We work in Oracle, and we “eat our dog food” to use the Oracle Single Sign On. As we work towards providing Opensocial capabilities to our internal networking site (Connect), we find that Opensocial fits very well with SSO within the corporate domain.
So, how does SSO help opensocial apps? Well, if the backend of the opensocial app is also SSO enabled, it gives hugh benefits. Every employees has a single-sign on account, and once the user logs on into Connect, he/she is authenticated across all services. Every time when an open social app requests data from its own backend, Connect acts as a proxy and forward the request along with the user credentials to the backend server, and the user is already authenticated. The SSO account basically serves as an Open ID, and there is even no need for an OAuth token exchange. I personally find this very cool and it really leverages the power of SSO. This gives users much better user experience, less hassle in signing on again and again through the OAuth service if you require security, and it saves users time and key strokes.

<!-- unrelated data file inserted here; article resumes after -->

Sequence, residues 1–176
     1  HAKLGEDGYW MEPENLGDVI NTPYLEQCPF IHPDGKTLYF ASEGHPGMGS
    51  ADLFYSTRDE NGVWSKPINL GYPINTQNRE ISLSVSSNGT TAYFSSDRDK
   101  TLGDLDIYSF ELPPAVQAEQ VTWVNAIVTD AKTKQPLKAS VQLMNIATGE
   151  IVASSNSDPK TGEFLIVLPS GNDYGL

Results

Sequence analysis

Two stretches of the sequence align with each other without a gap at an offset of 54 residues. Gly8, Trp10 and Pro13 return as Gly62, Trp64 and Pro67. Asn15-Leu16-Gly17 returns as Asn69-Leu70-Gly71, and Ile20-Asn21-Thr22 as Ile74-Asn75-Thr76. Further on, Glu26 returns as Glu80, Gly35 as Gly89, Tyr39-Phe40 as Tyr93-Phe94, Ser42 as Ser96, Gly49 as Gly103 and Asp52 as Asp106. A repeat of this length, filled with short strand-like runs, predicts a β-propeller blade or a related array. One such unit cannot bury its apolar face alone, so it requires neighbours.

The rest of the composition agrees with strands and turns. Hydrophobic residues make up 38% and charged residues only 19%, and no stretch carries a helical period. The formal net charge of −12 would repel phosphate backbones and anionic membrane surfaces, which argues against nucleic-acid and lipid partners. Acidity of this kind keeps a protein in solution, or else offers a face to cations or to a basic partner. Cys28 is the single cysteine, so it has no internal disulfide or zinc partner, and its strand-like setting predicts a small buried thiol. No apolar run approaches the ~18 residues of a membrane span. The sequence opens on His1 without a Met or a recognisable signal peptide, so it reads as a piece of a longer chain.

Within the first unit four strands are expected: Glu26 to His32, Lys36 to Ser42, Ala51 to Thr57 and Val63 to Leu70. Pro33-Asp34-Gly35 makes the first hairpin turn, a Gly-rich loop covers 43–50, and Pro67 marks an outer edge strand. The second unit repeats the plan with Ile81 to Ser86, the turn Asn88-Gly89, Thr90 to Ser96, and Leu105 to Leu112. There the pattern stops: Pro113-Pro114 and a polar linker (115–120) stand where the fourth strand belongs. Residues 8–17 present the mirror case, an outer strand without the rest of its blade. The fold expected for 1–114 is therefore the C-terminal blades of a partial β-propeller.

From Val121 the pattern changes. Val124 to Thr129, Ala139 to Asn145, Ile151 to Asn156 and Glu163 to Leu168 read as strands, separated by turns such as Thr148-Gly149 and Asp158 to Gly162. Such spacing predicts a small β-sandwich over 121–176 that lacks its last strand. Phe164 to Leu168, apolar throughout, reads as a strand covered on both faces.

For the backend servers that support open social apps, SSO serves as the authentication mechanism. Such backend service no longer needs to worry about adding additional layers of security as long as they verify the request is legitimate and do come from a server it trusts.
Not only that, for open social apps, normally they need to keep a mapping between the user id of the opensocial site and their own internal ids. In addition, there is no mechanism of knowing the true identity of their friends other than knowing their user ids of the opensocial site and their names. With SSO, the picture flips around. By using the single-sign on user id, it is globally unique across all sites, and you can even use LDAP to look up more details regarding to a particular user. There is no need for a user id mapping, and you know the true identity of the user. If you have data currently exists that is related to the user, you can also choose to present these additional information to him/her as well. Google is trying to identify users through the Social Graph API over the convoluted Internet, but we get this for free and in a very simple elegant manner within the firewall.